According to a Statistics Canada research released as Ottawa prepares to publish its new immigration intake levels plan for 2022-2024, immigration, not fertility, fuelled Canada’s population increase during the last five years.
“Although the pandemic slowed Canada’s rapid population growth in 2020, it remained the fastest among the G7 countries,” according to the analysis released on Wednesday.
Immigrants are significantly more likely to settle in a city than in a rural environment, according to the report’s authors. As a result, the population of rural Canada has risen at a slower rate than that of metropolitan areas.
The following are some of the significant results in today’s study, which paints a picture of Canada’s population growth:
- Over the last five years, population growth has increased in Prince Edward Island, New Brunswick, and Nova Scotia, compared to the previous census cycle (2011–2016), while population growth has decreased in Manitoba, Saskatchewan, and Alberta. In Canada’s three largest provinces, Ontario, Quebec, and British Columbia, population growth has also increased.
- From 2016 to 2021, British Columbia was the only province in Western Canada where more people moved in than out, with interprovincial migration gains (+97,424) reaching their greatest level since 1991 to 1996;
- While Yukon topped the country in population growth (+12.1% to 40,232), it was the only territory that expanded faster than Canada as a whole.
- For the 11th census period, Quebec, Canada’s second most populous province (8.5 million people), saw its percentage of the overall population fall; – Large urban regions rely on immigration far more than other parts of the country, with more than 9 out of 10 new permanent immigrants residing in a metropolitan area. Toronto, Montréal, and Vancouver are home to almost a third of Canadians (13.1 million people).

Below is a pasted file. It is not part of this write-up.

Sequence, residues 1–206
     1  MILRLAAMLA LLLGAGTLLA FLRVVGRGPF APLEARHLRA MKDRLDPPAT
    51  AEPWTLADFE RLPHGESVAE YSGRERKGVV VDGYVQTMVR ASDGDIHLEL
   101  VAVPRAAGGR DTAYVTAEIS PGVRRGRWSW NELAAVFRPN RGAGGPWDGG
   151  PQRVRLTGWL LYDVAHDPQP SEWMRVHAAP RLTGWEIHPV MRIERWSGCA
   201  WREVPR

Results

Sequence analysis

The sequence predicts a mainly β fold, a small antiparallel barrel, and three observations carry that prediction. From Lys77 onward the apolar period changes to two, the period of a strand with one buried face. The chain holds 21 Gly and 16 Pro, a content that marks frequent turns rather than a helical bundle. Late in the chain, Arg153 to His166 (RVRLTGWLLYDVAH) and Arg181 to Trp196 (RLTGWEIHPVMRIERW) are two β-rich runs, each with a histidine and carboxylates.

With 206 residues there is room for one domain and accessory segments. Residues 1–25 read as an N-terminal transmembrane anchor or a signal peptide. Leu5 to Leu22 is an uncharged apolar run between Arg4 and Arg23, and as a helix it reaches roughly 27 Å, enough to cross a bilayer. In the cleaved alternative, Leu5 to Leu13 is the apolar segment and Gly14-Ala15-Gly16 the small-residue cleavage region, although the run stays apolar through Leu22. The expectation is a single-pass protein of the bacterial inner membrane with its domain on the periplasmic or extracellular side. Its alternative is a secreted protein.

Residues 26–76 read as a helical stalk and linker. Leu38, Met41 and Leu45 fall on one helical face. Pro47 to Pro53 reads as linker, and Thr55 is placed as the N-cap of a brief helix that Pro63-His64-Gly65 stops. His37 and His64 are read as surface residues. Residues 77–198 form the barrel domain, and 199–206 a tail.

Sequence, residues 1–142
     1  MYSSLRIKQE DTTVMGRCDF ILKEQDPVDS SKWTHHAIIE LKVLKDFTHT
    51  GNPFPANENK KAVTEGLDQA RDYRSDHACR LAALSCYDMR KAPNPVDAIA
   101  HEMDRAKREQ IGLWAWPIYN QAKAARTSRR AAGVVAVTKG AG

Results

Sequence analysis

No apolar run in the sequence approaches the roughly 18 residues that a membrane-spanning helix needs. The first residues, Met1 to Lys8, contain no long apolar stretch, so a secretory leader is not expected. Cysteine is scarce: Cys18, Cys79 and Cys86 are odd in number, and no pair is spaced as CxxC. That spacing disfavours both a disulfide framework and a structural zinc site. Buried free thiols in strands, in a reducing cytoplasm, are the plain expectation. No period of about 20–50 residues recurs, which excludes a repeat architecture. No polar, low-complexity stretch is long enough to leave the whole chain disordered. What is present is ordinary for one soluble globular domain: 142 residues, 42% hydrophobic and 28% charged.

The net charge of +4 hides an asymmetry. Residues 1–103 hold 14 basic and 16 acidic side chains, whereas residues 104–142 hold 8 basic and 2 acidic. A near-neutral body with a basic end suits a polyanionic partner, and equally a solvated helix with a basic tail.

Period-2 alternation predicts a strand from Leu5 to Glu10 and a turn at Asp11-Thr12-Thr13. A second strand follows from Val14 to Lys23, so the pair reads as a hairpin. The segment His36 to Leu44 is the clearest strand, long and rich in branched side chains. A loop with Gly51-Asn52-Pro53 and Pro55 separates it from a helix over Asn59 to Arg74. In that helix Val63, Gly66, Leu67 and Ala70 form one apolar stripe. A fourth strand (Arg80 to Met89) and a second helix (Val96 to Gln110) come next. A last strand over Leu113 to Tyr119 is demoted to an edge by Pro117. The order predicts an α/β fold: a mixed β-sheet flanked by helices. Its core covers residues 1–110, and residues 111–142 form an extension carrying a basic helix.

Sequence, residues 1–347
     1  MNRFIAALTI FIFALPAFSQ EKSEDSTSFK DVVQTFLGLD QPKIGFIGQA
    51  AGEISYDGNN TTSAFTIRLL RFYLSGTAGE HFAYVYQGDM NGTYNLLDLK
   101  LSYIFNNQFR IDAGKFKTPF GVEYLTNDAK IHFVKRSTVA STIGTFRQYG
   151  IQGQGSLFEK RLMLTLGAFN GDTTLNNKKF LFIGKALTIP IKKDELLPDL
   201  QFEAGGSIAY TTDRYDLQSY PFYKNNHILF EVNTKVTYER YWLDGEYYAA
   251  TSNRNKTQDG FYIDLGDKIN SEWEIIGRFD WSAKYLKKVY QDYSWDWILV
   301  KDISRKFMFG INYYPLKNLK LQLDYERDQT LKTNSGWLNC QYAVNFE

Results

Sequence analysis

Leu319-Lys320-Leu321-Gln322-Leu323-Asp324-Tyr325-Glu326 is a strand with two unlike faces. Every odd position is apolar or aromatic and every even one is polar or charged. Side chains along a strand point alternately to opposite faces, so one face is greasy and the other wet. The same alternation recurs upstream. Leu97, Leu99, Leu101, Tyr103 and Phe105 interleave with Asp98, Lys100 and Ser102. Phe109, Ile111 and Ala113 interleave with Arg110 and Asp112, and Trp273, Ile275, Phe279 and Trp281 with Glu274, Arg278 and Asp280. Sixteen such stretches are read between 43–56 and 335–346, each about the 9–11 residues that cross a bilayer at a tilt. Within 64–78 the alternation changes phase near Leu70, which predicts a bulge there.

- Large urban regions rely on immigration far more than other parts of Canada, with more than 9 out of 10 new permanent immigrants residing in a metropolitan area. Toronto, Montréal, and Vancouver are home to almost a third of Canadians (13.1 million people).
- From 2016 to 2021, British Columbia has four of the top five fastest expanding metropolitan areas in the country: Kelowna (+14.0% to 222,162), Chilliwack (+12.1% to 113,767), Nanaimo (+10.0% to 115,459), and Kamloops (+10.0% to 114,142).
- Population growth was also seen in a number of smaller urban centres that are known as tourist destinations or resort cities. These tiny urban centres are not among the most isolated, and they are often less than an hour’s drive from a bigger urban centre, meaning they are accessible to the amenities of larger urban centres.
By the end of the month, Minister of Immigration, Refugees, and Citizenship Canada (IRCC) Sean Fraser is anticipated to publish Canada’s revised 2022-2024 immigration intake levels plan, which will also include the methods via which these individuals would be accepted.
According to the most recent government data, the IRCC is now processing an estimated 1.8 million applications due to pandemic-related delays.
Before pursuing more ambitious immigrant objectives, the Canadian Immigration Lawyers Association (CILA) is urging Ottawa to stabilise the immigration system.
“While utilising this year to allow IRCC to catch its breath would be far from ideal, it would be useful for various reasons,” according to a statement on CILA’s website. “Many of them who have been languishing in limbo during the pandemic would be able to eventually settle down as permanent residents.”